Learn about the data used to calculate a property’s Flood Factor.
Property Flood Factors
A property's Flood Factor is not only a score ranging from 1-10, it is a comprehensive risk assessment including a property's thirty-year risk of flooding from high intensity rainfall, overflowing rivers and streams, high tides, and storm surge. Properties with higher Flood Factors are either more likely to flood, more likely to experience high floods, or both.
Please note that at this time, personal protections such as a drainage system, sump pump, sealed or elevated homes in addition to the building's elevation are not taken into account in the Flood Factor's calculation. Flood Factors are indicators of water reaching the building footprint, not the interior of the home.
Calculation of Flood Factor rankings
That data on Flood Factor comes from the First Street Foundation Flood Model, a nationwide flood model that calculates the likelihood of a flood based on a location’s history and geographic information, such as elevation, climate, changes in the environment, proximity to water, and adaptation measures.
A property’s Flood Factor is determined by its likelihood of flooding and the potential depth of that flood. Because flood risks accumulate over time, it specifically looks at the likelihood of 1 inch of water reaching the largest home or building on a property at least once within the next 30 years.
The First Street Foundation Flood Model is used to determine the likelihood of a flood occurring within a given year and the projected depth of a flood. Flood Factor ranks increase as the 30-year cumulative flood likelihood increases, or as the projected depth of flooding increases. Properties with a less than 0.2% chance of flood water reaching the building in every year analyzed are considered to have minimal risk or a Flood Factor of 1. While it is still possible for properties with a Flood Factor of 1 to flood, they are not included in the Flood Factor matrix.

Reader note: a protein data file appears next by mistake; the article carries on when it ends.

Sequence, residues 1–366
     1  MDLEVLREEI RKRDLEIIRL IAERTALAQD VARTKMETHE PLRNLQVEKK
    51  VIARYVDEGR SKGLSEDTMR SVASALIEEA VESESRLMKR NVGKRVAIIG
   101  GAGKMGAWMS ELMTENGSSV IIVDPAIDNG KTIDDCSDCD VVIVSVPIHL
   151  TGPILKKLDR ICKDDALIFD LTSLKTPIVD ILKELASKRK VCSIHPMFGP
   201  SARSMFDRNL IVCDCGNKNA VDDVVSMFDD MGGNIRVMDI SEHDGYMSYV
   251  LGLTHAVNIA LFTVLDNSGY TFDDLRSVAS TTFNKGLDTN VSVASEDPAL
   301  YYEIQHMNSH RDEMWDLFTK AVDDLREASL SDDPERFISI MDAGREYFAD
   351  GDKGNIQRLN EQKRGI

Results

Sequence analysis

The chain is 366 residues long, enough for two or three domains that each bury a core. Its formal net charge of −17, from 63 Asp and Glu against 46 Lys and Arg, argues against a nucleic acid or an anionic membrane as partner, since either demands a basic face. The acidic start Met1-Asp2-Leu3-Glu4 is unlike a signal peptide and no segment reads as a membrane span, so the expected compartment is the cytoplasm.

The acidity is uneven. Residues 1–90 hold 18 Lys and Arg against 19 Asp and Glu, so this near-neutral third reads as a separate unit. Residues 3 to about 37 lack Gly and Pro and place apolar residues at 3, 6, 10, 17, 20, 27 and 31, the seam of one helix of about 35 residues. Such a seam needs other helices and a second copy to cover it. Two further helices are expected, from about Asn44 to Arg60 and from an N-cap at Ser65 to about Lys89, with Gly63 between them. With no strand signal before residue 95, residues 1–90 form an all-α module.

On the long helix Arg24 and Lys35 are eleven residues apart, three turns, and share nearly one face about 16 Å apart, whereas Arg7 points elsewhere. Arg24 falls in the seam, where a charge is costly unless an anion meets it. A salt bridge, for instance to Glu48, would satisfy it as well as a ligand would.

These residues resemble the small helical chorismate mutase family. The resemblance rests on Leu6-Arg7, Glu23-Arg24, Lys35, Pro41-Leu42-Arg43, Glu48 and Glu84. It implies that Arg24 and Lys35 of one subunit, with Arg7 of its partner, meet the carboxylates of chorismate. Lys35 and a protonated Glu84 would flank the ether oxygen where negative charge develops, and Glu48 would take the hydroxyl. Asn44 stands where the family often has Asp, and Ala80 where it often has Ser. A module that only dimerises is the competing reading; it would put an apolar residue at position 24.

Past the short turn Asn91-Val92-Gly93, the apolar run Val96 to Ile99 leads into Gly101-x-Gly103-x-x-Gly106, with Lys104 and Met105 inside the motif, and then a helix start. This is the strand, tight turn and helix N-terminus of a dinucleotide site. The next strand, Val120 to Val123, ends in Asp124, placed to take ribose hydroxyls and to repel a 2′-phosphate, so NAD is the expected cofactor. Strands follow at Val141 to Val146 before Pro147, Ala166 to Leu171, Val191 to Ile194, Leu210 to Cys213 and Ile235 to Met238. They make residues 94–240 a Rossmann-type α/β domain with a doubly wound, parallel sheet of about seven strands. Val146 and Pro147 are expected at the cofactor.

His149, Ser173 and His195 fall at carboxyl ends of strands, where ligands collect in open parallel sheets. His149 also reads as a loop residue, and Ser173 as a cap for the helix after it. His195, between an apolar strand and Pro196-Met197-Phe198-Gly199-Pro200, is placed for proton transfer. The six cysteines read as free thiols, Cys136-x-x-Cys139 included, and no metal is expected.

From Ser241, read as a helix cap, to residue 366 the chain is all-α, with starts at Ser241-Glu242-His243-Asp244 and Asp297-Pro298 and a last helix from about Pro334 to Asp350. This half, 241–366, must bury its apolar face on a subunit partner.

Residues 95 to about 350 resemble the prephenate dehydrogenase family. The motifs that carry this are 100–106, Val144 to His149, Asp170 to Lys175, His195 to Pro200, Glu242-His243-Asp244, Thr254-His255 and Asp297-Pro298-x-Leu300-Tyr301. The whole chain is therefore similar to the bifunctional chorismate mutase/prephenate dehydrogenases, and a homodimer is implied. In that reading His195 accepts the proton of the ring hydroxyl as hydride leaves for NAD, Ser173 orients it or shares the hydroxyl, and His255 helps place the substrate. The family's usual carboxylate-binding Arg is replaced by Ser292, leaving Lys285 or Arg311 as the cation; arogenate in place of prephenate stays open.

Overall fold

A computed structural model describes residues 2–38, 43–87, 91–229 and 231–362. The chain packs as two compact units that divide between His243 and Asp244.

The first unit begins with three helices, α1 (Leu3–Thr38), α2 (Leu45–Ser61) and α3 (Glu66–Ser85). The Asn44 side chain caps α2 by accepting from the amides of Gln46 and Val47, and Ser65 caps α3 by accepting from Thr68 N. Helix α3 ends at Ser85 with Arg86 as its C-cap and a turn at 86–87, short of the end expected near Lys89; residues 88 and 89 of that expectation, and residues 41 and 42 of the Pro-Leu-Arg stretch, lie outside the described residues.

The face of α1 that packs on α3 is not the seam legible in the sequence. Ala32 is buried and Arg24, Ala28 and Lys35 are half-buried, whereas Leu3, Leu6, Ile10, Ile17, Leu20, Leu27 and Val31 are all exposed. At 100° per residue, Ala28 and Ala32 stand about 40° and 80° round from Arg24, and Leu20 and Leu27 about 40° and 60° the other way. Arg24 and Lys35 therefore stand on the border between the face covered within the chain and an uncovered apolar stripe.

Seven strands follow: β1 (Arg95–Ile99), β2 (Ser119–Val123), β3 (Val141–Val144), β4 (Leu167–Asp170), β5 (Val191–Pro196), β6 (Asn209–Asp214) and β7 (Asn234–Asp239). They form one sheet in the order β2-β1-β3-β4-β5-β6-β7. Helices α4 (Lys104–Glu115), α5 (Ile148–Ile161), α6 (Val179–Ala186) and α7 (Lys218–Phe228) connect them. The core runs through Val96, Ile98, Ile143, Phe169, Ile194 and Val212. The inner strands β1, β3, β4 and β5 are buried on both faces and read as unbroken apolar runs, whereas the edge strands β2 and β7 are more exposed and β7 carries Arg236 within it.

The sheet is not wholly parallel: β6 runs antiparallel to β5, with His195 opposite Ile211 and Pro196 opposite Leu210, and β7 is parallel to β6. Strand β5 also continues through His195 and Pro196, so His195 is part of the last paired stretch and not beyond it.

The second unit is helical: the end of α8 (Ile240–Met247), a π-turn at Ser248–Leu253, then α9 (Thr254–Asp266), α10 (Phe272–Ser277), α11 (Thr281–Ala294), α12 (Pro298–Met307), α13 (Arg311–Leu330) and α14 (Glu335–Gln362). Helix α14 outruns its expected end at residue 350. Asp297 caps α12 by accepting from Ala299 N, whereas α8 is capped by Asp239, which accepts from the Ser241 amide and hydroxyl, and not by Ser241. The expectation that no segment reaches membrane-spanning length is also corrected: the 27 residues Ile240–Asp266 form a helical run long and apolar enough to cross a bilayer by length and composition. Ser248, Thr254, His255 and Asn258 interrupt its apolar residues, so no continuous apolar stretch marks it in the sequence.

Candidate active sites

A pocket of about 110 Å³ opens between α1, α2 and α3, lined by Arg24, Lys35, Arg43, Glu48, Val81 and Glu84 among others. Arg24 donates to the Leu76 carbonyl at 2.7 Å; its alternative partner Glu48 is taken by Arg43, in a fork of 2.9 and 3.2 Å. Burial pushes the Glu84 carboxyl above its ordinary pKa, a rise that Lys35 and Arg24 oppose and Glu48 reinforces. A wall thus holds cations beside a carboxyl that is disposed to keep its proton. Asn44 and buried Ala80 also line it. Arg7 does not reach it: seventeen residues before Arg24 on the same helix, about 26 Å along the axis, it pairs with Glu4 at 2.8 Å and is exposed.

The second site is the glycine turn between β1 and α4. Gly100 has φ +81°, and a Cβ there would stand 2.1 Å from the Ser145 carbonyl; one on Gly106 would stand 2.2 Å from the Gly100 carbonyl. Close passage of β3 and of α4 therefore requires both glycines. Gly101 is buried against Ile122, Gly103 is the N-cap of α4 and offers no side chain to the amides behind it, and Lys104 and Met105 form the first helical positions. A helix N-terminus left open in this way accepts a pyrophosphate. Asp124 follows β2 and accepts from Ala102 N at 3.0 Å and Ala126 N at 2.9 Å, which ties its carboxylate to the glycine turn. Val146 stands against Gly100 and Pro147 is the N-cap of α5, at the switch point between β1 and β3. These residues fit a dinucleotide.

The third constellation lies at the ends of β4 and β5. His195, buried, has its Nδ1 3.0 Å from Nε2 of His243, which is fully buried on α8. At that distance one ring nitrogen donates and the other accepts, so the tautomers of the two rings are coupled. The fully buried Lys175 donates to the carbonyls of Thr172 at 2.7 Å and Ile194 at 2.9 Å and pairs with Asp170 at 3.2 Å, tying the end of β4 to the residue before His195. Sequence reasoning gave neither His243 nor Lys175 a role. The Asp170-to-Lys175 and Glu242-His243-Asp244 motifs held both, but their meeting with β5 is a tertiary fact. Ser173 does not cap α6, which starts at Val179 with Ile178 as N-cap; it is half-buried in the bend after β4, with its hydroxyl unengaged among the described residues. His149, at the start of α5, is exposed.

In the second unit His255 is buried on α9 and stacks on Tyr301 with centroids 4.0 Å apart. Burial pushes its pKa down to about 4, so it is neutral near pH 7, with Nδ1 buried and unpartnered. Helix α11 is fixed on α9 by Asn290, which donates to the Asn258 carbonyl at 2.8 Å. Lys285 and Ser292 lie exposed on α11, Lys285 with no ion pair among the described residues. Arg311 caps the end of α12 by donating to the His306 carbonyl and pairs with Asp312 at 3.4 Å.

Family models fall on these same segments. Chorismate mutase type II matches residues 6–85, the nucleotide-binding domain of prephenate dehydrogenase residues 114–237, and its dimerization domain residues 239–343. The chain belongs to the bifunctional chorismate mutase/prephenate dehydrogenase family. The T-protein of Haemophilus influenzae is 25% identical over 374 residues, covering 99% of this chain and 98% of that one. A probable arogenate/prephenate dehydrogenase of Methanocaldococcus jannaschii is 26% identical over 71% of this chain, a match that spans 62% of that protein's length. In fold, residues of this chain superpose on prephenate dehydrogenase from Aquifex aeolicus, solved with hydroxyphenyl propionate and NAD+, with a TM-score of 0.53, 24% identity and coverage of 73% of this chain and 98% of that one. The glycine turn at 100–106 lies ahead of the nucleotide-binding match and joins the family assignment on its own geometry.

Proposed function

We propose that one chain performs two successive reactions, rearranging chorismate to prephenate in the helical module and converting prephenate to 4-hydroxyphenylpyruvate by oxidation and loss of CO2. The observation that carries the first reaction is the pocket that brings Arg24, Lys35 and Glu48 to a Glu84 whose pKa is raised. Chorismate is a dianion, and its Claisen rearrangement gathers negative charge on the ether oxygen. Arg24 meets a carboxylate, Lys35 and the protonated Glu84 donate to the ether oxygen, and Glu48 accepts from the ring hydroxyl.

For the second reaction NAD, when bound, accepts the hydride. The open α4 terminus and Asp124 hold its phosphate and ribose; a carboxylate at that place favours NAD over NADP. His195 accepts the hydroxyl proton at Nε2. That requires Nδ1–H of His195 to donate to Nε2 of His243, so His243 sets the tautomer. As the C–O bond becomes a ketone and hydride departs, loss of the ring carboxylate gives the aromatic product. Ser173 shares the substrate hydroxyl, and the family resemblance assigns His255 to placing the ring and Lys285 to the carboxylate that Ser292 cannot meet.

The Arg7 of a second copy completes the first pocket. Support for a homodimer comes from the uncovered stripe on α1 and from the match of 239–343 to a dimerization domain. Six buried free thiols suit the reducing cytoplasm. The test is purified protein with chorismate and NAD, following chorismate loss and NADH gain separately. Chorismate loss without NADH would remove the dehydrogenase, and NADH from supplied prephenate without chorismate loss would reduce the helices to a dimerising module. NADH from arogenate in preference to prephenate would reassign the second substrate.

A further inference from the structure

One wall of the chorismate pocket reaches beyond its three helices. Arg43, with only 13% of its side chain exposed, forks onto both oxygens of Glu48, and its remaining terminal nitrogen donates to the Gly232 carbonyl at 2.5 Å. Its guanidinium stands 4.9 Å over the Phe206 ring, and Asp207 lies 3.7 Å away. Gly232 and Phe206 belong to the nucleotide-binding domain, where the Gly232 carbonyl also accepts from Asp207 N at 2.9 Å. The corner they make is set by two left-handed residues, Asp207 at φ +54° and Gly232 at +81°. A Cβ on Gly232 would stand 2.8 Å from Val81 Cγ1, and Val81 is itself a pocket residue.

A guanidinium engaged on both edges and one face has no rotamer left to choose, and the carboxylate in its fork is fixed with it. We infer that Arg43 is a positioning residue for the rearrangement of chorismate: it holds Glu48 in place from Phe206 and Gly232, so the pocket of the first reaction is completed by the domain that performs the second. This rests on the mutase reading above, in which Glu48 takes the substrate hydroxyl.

Please note that only FEMA maps are used to determine flood insurance and building code requirements, not Flood Factor scores. Additionally, FEMA zone designations are not a factor in calculations used to determine a Flood Factor.
Flood Factor Matrix
Properties more likely to experience a flood with a greater depth have higher Flood Factors.
For example, a property with an 8% chance of flooding 16 inches at least once within 30 years would have a Major Flood Factor of 5. A property with more than a 96% chance of any depth of flooding would have a Flood Factor of 7 or greater.
Ensuring scientific accuracy
The creation of the First Street Foundation Flood Model required an unprecedented partnership of more than 80 world-renowned scientists, technologists and analysts. Methods used in the Flood Model have undergone an expert academic panel review and have been submitted to scientific peer-review journals. Where possible, data has been validated against historic flood reports and FEMA flood claims.The data the model produces undergoes multiple reviews and must pass comprehensive check-points before being made publicly available.